The Long Road of Hope. And exercises in procrastination.

And dogs fed on fatted cats.

October 2023

Tina Turner, We Don’t Need Another Hero

I’m working again on my science fiction novel. The first book of many (or so I like to say to myself). I attempt now the second rewrite.

“Do,” says Yoda.

“Oh – I’m facing a mountain of do, little rodent-man,” I reply to the venerable and wise Jedi Master.

The little dude wanders off muttering to himself – it sounds like the hushed barks of a dreaming dog.

The story centers broadly on the demise of Bucharest, the Romanian capital, in 2023. The story follows a prophetic young man, John Dionisus who painfully struggles to know, live, and inspire hope in a post-apocalyptic world. The son of a successful businessman, John is a minor online reality celebrity, much like an A-list blogger is today. So, yeah, he’s cool. He’s a social media rockstar. [grin]

You might learn a thing or two from John about how to be brilliant at social media.

More importantly, he has visions.

John knows some of the things that may come to be before they happen. He knows only what he needs to know. With such foresight, he seeks to change a terrifying future that holds his heart hostage: the murder of his girlfriend, his father, and the death of everyone who is written upon his heart.

Chapter One: Hope is a long road

It’s been three months since the lights went dark – power, water, internet, and everything else went down too. The population of Bucharest nose-dived from seven million to 25,000. The death toll is as epic as the tragic loss of any world war.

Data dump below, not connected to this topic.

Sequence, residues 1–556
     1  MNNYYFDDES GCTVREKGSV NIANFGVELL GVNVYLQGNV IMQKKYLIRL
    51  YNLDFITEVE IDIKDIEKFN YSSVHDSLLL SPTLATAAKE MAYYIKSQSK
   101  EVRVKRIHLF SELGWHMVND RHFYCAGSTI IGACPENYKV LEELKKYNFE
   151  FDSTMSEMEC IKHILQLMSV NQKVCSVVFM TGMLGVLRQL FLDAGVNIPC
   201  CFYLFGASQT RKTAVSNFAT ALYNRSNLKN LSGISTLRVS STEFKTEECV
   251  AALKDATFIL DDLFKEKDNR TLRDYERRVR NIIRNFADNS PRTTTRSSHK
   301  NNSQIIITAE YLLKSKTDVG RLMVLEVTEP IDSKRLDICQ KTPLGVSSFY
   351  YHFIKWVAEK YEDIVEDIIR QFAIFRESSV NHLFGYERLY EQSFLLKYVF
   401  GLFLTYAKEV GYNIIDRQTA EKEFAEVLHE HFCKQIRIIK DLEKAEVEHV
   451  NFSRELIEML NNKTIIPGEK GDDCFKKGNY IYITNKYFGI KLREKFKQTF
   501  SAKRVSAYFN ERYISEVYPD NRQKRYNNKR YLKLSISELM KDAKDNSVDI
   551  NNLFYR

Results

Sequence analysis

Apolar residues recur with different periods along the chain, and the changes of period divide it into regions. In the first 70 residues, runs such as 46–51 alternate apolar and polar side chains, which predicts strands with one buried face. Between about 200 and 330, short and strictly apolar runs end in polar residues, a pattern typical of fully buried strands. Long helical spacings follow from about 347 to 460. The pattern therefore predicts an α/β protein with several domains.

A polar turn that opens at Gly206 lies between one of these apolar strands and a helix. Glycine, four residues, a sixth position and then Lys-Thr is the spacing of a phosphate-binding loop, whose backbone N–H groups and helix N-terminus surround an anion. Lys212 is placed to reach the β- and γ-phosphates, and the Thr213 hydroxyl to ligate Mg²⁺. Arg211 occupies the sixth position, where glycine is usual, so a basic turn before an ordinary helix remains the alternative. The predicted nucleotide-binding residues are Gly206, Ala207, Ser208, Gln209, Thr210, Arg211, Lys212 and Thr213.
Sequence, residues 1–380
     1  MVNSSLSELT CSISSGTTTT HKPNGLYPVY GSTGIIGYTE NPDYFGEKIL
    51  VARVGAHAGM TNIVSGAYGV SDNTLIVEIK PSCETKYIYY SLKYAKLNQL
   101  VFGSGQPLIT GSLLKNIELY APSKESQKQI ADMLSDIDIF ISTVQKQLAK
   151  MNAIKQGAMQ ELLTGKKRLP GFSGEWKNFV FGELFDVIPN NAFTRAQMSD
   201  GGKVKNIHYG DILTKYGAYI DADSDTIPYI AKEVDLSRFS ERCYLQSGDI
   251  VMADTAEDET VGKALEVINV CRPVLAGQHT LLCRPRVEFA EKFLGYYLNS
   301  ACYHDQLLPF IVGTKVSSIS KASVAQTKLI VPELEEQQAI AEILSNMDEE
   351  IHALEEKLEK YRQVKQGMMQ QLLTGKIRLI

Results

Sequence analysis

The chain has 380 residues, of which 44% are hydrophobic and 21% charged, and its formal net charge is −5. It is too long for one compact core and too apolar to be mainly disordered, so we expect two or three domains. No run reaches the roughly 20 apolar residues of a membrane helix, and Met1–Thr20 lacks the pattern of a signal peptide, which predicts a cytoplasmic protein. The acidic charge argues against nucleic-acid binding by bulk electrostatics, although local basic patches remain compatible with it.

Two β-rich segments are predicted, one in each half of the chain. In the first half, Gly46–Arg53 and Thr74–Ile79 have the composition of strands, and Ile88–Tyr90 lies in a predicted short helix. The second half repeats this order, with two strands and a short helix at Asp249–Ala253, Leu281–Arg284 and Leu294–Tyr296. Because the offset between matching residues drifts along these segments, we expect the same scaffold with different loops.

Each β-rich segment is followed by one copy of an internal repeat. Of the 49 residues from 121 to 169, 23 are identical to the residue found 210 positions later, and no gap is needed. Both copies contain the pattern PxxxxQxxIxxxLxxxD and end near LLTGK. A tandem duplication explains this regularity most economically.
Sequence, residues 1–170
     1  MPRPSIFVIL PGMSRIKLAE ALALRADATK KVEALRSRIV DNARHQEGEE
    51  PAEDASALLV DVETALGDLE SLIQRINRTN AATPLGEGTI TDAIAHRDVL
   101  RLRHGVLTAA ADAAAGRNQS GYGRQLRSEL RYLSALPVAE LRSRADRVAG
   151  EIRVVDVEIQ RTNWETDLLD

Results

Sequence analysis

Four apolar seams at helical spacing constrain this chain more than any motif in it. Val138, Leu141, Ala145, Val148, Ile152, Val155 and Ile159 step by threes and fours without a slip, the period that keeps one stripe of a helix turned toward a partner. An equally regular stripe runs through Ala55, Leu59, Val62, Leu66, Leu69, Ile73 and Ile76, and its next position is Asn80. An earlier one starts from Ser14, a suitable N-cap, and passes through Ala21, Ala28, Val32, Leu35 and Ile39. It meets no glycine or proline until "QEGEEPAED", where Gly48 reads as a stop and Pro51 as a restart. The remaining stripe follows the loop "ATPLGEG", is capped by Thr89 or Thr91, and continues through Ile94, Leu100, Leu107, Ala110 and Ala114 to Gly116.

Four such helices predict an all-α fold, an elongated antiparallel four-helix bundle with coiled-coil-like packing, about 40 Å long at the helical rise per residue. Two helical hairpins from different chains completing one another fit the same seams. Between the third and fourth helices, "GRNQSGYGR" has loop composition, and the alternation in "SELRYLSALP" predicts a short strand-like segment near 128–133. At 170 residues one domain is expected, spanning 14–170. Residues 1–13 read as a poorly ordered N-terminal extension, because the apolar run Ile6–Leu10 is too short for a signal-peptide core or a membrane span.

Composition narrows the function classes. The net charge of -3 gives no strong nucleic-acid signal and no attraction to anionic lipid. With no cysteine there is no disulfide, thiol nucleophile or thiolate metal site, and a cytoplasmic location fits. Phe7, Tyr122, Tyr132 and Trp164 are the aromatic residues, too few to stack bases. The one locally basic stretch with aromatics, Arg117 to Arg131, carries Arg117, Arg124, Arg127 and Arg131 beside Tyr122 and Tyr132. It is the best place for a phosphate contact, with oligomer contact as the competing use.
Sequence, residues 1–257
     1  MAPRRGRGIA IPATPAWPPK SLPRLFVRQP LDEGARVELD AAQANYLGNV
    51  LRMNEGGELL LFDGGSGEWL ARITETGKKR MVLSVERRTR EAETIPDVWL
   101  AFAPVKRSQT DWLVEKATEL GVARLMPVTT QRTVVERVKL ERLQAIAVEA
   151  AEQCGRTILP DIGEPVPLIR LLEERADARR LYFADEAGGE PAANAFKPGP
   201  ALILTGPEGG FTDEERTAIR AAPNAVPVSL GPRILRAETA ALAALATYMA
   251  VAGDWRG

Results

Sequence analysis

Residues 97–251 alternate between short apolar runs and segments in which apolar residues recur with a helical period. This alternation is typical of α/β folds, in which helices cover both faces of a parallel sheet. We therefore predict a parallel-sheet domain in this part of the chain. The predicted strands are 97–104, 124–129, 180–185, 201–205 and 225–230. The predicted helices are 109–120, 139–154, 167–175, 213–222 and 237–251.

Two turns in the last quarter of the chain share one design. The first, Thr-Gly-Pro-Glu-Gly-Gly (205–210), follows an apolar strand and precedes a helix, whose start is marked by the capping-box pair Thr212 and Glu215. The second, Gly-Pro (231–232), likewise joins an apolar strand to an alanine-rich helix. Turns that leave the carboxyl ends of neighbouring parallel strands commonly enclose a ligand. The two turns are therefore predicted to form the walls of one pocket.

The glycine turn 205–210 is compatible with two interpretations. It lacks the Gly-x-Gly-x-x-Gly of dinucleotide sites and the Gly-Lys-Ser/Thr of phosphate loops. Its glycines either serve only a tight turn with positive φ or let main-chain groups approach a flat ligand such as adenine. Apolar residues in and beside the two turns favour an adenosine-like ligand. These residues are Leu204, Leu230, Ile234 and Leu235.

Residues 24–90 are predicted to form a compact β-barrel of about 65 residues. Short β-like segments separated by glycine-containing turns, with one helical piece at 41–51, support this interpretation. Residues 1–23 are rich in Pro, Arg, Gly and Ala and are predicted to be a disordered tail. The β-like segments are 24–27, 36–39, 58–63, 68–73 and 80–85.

Against the odds, John leads a convoy of survivors back to a post-apocalyptic Bucharest as the opening move in their campaign against a future without hope. The last five miles are hard. The last mile, the hardest.

With each step that takes the convoy closer to it’s destination in downtown Bucharest, the obstacles, challenges, and likelihood of failure mount. Does John prevent the murder of his girlfriend, Cristina? Do his visions provide the advantage that he and his companions need to pass the most fearsome of tests? The enemy is stronger, faster, smarter, and profoundly clever. The greatest test of all, however, is the enemy within.

What do you think? Is this something you would read?

Postscript:
Please join my official Facebook Fanpage (like it) and please please follow me on Twitter – if you don’t already. I need much social leverage for when I court an agent and publisher.

Stan Faryna

29 February 2012
Bucharest, Romania

Stan Faryna

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3 Responses to The Long Road of Hope. And exercises in procrastination.

  1. Yes, I would read this Stan.
    Looking forward to more…
    Billy

  2. I love post-apocolyspe stories! Go for it, Stan!

Speak from your heart!

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